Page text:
I have evolved. That's my story and I'm sticking to it! But, it took a lot of years for me to understand just what had taken place during my 'evolution'.
In 2007 I published my first children's picture book I Want a Dragon and was absolutely elated by this achievement. How exciting it is to be a published writer and to see the amazing feedback I received from my first book. Then in 2009 I published my second children's book; a kid's first chapter book called Zero the Superhero and again the feedback was outstanding. Within 2 years of both books being published I had made back my initial investment and 'gravy' has been flowing my way ever since. I believe two years isn't too bad to get back the money I spent on editing, illustrations and production. I'm pretty proud to say that I have sold enough books to be in the black on both and loving every second of it. But, then my mind started to wander and I started to lose interest in the children's book genre. I realized that I had to compete with thousands of other writers to hold a child's attention long enough to get through a 30 page picture book and that sort of scared me. Also, I wanted to be challenged. I am a big kid so writing for kids wasn't really all that hard and because I have ADD I need to have my attention held tight through anything I read. Children's books seemed the logical choice for me.
Sticking to just one genre became monotonous and frustrating. I feared 'labeling' myself as a children's writer would limit not only my exposure but my creativity, so I decided to step out of my genre box and dive head first into fiction.
Because the early years of any author is guided by what other 'successful' writers say or do, I decided to turn to writers forums looking for advice on how to take the plunge into another genre without crippling the success I already had. This was a mistake. I was bombarded by other writers telling me I would be committing writing suicide by changing mid success. Why fix something good if it ain't broke because no one will take you seriously if you jump from genre to genre. Now, I'm a pretty independent chick and being told what I shouldn't do sort of pissed me off. Why would I limit myself because I have already gained success in one area of my life? That's like telling a baby, "Aw, it's just great that you're crawling but don't try to stand-up. You don't need to walk." Seriously?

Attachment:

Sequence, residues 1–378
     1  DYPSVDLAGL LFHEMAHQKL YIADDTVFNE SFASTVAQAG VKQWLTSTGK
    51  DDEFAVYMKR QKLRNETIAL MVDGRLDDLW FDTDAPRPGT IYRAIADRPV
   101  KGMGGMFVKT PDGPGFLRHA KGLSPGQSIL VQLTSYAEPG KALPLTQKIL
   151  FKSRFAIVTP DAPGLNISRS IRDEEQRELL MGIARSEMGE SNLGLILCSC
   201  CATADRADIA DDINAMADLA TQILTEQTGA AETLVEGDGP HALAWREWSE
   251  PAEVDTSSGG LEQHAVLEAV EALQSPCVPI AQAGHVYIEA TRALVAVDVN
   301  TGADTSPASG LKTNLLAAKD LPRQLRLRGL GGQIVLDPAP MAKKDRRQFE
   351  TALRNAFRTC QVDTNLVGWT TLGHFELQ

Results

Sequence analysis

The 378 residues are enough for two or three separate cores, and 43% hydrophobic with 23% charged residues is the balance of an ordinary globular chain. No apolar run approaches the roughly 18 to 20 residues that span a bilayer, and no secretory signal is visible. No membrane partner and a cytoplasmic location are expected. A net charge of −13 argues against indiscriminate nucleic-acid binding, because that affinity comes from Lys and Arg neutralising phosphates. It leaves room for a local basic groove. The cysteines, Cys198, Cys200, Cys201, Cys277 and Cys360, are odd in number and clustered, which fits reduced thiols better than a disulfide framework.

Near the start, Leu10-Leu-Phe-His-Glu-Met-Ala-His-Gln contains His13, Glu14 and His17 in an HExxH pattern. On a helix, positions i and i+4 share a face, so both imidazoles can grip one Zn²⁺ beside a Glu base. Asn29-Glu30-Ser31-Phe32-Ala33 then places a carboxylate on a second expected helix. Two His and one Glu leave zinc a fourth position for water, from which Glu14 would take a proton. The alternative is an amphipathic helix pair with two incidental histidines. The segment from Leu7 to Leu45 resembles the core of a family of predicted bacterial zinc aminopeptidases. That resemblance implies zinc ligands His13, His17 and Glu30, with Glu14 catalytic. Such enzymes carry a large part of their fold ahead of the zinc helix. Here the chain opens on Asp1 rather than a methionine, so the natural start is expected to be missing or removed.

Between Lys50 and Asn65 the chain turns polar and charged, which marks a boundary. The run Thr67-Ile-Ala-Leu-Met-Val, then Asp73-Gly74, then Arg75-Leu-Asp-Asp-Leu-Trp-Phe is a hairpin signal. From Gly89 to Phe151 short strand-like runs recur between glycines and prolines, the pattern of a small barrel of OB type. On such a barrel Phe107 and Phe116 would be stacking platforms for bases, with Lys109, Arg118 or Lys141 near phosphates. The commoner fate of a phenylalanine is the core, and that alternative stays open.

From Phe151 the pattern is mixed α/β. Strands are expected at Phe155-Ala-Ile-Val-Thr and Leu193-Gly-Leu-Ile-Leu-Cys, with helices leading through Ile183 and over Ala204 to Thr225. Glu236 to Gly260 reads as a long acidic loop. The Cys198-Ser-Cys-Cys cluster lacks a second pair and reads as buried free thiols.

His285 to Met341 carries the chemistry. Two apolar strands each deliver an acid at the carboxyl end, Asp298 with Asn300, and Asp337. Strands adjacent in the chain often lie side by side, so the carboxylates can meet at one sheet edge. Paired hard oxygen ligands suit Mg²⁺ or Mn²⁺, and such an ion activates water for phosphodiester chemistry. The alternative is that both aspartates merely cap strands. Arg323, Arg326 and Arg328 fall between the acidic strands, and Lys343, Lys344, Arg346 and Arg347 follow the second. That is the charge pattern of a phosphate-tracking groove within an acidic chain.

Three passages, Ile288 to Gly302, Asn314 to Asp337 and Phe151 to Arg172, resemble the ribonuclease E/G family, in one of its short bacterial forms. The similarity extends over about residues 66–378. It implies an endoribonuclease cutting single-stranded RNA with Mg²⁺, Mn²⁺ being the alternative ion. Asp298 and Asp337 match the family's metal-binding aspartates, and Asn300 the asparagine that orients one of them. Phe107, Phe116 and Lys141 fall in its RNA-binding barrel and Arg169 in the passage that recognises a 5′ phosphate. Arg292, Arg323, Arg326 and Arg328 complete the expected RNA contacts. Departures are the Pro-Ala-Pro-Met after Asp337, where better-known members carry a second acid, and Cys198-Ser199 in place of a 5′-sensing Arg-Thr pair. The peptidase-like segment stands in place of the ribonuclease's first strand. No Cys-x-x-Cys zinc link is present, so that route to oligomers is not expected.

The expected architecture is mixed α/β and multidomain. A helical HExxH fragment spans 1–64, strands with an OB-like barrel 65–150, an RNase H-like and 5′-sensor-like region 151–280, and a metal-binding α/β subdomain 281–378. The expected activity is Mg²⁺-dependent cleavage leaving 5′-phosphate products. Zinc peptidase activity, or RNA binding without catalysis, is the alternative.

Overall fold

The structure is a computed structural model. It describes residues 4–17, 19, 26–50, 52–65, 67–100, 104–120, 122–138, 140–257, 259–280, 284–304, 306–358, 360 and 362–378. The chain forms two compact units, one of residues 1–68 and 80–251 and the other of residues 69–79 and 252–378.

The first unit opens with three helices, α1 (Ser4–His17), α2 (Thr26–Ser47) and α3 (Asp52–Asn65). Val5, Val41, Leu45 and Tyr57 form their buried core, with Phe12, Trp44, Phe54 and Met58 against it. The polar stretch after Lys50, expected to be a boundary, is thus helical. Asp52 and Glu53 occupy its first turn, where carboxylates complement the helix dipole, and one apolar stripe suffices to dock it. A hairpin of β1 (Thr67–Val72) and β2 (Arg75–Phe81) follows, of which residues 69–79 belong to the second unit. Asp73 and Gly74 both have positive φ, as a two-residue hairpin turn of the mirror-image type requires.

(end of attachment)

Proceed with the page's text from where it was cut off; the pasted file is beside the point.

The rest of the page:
Now don't get me wrong, I absolutely LOVE writing for kids and I know that I will write a lot of other kid's books because I have hundreds of then bouncing around in my immature brain. I adore doing school presentations and answering the sometimes embarrassing questions kids ask, but I also want to be an adult and hear what other adults think of my stories. I want to dig into a character and pull out the creepy uncomfortable parts of his personality. I want to make a reader mad at me because my story has taken a turn they didn't want or a character has been killed off that they loved. So I did it! It took me 2 1/2 years to write and almost another six months for the editing and production process but I DID IT and am so proud of what it has become. Of Lions and Lambs is my first foray into historical fiction and it has been an incredible journey and the reviews so far have been mind blowing.
So I stepped out of that genre box and kicked that box to the curb beside that other blue box of recycled choices. There they wait to be picked up and used again because I know that just because I have jumped off the cliff into fiction doesn't mean I won't be climbing that mountain and taking another leap of faith. Do what feels write and right what feels good.
Vanessa Canevaro is a fulltime writer in Alberta, Canada. Her latest novel Of Lions and Lambs and her children's books I Want a Dragon and Zero the Superhero are available on her site http://www.vanessacanevaro.com as both ebooks and hard copy. Vanessa's new blog Let's Get This Write is found at http://letsgetthiswrite.wordpress.com/